I finished reading “The God of All Comfort” today. It was a very worthwhile read, and I will be rereading it now and then for many years. Another section:
“I feel as if I could not repeat this evident truism too often, for somehow people seem to lay aside their common sense when they come to the subject of religion, and seem to expect to see things upon which they have deliberately kept their backs turned. They cry out, ‘O Lord, reveal Thyself’; but instead of looking at Him they look at themselves, and keep their gaze steadily fixed on their own inward feelings, and then wonder at the ‘mysterious dealings’ of God in hiding His face from their fervent prayers. But how can they see what they do not look at?
It is never God who hides His face from us, but it is always we who hide our face from Him, by ‘turning to Him the back and not the face.’ The prophet reproaches the children of Israel with this, and adds that they ‘set up their abominations in the house which is called by God’s name.’ When Christians spend their time examining their own condition, raking up all their sins, and bemoaning their shortcomings, what is this but to set up the pedestal in their hearts, and to make it the center of their whole religious life, and of all their care and efforts. They gaze at this great, big, miserable self until it fills their whole horizon, and they ‘turn their back’ on the Lord, until He is lost sight of altogether.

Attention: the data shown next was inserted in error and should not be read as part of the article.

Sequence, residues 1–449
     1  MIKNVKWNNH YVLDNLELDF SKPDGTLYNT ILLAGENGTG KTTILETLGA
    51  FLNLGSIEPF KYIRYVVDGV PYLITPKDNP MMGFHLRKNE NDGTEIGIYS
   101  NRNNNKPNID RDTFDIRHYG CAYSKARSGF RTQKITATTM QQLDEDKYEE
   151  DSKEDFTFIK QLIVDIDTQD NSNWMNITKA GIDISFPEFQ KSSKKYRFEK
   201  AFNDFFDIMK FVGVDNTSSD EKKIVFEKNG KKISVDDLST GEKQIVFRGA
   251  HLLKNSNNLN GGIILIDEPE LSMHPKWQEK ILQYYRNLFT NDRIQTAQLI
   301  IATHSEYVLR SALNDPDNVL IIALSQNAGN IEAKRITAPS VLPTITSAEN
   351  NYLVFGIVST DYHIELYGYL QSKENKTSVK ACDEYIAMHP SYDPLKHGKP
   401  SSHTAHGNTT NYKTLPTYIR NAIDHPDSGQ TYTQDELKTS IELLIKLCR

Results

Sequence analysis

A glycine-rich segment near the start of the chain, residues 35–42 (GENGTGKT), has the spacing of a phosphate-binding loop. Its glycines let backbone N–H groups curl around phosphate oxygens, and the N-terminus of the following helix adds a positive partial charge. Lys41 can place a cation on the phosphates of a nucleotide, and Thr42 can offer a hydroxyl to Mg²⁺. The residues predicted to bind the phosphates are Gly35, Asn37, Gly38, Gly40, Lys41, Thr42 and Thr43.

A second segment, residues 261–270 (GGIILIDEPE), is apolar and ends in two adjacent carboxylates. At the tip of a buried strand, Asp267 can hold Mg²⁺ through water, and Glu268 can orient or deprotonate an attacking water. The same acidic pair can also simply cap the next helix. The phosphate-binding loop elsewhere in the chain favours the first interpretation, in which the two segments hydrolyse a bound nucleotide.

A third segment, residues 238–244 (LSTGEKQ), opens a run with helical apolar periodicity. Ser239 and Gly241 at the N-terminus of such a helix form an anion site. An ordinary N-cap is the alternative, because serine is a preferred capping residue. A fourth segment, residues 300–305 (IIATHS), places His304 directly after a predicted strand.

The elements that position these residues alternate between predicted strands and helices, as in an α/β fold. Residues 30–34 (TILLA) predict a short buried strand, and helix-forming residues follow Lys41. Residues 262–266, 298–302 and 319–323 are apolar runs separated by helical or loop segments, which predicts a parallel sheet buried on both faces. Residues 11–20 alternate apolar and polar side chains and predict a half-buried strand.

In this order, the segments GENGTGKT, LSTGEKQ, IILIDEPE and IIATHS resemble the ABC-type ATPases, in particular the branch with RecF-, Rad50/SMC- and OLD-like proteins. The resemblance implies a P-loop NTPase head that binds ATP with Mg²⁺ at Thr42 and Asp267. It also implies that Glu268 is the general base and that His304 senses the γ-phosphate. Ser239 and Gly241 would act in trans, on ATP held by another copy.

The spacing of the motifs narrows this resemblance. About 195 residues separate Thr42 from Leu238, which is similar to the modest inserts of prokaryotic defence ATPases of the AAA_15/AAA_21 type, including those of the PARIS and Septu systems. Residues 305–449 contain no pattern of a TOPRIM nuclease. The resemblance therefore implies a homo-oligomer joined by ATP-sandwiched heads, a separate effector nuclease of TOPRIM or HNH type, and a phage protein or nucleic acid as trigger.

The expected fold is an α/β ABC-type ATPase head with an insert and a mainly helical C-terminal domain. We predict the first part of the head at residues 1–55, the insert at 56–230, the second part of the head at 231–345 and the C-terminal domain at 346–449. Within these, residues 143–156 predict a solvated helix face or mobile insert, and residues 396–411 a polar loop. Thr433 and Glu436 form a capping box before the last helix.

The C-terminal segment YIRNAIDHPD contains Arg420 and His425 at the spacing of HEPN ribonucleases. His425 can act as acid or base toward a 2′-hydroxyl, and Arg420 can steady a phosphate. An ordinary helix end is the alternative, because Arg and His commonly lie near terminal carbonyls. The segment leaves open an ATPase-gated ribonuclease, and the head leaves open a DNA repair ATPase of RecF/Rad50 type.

We are never anywhere commanded to behold our emotions, nor our experiences, nor even our sins, but we are commanded to turn our backs upon all these, and to behold the Lamb of God who taketh away our sins.”